When I began weaving this crackle scarf, I kept looking at it. Looking at it with a question mark. I just didn't see a scarf. I didn't see the beginning of a scarf. I touched it. Frequently. It did not say "scarf." It kept saying---dare I say the words?--art piece.
There, I've said it. Saying it makes it more difficult for me to back away and change my mind. Saying it means commitment.
ART CLOTH VS ART PIECE
Constance Rose recently said it. Go here to read the post where she talks about her decision to commit to the creation of art cloth. Not art pieces; art cloth.
I Googled the phrase. Every site Google brings up links art cloth in some way with yardage and/or wearables. That is just how I viewed art cloth. I am not weaving art cloth.
I call what I am attempting to do an "art piece" because it will never have any connection with either yardage or wearables. (It won't even be a scarf). It will be closer to tapestry than to art cloth. But it will not be tapestry.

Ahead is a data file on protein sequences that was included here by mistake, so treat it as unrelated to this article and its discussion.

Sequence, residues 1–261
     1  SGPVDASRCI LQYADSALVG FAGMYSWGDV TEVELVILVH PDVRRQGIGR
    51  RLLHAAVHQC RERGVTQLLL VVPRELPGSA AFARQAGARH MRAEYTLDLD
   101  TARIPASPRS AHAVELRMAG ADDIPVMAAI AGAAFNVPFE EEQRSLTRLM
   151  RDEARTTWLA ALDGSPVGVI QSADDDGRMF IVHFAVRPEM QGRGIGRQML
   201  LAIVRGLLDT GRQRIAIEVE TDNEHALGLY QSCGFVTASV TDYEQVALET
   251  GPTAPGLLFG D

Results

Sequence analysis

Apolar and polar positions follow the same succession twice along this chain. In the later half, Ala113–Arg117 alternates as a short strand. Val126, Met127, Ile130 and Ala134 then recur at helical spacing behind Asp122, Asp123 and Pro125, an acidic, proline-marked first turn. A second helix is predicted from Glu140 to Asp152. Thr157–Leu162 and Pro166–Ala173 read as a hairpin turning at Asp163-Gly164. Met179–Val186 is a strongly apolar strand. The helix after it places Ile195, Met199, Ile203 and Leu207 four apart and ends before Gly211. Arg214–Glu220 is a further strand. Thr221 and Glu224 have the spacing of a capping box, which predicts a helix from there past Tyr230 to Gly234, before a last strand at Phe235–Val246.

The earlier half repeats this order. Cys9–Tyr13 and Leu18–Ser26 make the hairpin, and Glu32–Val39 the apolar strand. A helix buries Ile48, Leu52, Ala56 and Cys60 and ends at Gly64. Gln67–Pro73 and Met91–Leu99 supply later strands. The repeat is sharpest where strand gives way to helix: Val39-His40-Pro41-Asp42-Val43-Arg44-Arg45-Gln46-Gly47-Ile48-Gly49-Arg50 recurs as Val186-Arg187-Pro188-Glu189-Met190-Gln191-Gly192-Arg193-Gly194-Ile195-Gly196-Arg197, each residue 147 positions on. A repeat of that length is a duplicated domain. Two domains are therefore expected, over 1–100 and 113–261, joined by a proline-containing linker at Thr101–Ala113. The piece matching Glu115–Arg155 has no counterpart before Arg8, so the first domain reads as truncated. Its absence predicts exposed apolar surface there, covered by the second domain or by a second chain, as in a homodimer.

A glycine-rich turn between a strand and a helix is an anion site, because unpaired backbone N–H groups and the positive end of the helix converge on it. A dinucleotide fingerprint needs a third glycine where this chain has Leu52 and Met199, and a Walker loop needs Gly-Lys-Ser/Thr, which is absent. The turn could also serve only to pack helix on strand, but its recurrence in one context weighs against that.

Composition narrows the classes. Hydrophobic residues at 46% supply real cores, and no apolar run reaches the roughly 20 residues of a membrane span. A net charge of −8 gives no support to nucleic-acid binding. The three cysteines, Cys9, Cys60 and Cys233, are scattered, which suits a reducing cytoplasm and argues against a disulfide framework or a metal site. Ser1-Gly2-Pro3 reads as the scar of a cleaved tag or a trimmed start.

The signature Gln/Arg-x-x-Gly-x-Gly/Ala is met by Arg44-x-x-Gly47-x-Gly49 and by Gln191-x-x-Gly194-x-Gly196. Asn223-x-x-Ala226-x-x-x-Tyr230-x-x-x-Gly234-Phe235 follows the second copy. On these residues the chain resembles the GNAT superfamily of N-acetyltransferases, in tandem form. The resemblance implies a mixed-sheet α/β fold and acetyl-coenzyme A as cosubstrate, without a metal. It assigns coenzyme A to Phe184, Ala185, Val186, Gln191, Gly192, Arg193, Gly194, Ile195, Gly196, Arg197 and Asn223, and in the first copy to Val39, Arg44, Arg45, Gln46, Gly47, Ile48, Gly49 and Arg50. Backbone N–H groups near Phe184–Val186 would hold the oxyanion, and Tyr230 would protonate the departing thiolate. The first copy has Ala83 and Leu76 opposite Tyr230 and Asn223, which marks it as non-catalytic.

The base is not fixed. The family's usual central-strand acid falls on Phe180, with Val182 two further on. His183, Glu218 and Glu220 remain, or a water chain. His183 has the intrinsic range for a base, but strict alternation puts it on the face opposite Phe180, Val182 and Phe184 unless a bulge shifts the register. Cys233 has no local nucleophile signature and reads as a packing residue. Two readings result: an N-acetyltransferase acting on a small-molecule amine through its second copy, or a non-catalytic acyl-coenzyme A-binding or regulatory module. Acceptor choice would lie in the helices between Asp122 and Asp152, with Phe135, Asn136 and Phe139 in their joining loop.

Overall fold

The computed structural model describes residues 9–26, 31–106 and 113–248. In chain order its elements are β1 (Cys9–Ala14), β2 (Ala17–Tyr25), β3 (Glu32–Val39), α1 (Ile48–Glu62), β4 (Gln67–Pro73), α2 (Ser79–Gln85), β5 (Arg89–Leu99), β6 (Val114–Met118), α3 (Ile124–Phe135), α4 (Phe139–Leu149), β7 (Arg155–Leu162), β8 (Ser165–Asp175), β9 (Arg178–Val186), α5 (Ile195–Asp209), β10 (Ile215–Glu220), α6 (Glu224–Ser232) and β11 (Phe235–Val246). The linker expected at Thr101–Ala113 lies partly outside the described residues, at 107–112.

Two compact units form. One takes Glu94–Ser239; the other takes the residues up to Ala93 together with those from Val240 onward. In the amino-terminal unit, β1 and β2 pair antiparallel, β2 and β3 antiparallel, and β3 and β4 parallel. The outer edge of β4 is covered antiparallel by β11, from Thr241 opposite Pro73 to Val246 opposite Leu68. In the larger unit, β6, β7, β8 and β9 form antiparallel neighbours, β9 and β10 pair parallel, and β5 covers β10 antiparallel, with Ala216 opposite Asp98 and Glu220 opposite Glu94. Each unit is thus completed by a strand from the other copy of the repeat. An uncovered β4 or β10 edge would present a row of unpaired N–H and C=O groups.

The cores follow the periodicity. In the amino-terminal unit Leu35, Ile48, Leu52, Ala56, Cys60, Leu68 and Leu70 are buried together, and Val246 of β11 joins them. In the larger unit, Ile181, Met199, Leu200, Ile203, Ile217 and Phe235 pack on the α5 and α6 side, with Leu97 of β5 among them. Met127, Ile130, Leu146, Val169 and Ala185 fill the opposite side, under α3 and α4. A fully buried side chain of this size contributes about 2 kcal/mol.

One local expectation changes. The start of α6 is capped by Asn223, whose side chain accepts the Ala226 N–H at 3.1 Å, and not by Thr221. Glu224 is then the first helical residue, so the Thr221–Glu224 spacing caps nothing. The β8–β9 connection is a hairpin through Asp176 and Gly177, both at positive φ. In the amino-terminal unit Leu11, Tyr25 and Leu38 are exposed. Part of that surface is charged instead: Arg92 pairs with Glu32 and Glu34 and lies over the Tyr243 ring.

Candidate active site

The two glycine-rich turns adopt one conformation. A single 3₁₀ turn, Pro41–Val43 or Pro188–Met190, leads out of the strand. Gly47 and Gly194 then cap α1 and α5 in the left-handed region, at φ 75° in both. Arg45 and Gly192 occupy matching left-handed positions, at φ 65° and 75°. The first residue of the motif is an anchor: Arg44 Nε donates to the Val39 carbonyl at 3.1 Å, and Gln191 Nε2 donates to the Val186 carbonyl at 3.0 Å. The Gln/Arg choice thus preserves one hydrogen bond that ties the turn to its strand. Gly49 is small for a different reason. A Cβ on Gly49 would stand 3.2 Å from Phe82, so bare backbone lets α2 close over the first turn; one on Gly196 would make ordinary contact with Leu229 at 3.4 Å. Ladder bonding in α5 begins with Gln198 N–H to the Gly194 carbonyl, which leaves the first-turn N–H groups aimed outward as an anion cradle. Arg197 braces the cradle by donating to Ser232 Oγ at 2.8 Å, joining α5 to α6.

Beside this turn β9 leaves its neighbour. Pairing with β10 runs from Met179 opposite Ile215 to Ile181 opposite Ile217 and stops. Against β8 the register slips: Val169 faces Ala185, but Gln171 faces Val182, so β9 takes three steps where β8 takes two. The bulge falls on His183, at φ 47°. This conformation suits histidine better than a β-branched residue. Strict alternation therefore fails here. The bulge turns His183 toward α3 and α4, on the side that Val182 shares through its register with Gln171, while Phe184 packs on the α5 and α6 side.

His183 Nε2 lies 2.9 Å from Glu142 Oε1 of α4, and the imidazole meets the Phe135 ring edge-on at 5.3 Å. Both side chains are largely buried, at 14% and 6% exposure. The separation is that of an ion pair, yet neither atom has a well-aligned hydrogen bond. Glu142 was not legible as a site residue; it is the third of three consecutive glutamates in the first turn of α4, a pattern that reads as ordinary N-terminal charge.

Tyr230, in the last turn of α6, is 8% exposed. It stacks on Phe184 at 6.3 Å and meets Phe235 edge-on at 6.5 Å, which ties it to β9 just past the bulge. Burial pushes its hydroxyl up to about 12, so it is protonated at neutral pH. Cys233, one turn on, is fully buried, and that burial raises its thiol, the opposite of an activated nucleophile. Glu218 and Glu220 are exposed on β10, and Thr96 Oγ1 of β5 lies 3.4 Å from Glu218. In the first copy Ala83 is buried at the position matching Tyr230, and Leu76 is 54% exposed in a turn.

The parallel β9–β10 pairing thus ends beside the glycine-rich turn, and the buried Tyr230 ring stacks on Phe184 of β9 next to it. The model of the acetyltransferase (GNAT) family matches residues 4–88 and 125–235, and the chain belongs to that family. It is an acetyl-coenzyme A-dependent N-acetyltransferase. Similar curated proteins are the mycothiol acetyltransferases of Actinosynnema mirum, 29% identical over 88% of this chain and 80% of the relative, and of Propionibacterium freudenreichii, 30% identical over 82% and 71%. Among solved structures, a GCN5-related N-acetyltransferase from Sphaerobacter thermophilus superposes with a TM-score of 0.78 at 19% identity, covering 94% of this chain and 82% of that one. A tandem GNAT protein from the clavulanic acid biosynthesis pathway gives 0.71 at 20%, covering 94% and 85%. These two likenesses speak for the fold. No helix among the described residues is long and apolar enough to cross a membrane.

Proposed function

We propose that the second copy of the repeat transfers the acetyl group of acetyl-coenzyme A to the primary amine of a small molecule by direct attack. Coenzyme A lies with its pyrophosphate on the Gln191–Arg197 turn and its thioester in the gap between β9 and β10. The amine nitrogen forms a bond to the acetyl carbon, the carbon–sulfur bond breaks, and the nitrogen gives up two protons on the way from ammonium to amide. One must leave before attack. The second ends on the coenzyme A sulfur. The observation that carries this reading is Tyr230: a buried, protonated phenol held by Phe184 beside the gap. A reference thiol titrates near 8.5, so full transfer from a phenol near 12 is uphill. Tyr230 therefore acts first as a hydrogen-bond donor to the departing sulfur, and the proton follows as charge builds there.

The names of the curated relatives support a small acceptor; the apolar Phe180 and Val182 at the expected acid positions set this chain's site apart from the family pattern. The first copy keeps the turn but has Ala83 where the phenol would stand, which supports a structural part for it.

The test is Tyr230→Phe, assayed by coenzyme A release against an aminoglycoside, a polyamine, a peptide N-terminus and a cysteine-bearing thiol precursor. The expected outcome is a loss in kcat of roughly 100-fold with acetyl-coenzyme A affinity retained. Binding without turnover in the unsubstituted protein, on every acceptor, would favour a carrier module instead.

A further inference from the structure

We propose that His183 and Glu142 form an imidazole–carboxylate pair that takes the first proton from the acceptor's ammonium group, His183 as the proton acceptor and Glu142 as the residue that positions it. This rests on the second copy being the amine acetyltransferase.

SELF-DELUSION IN SOLITUDE?
Am I simply deluding myself? Robert Genn sent out an email to his Painter's Keys subscribers. That email stopped me in my tracks. In it he talks about the dangers of working in solitude. Here is a passage that made my blood run cold::
"We all know of artists who are forever in a state of euphoric bliss about their essentially crummy art. These folks may rationalize that joy itself is enough, but it isn't. Pleasing yourself is loaded with potential self-deceit."
This is the danger of working in solitude. And since moving to South Carolina, I am definitely a solitary weaver.
TROUBLE IN PARADISE
However, while I may be finding myself in a "state of euphoric bliss," there is trouble in paradise. Trouble of a technical nature.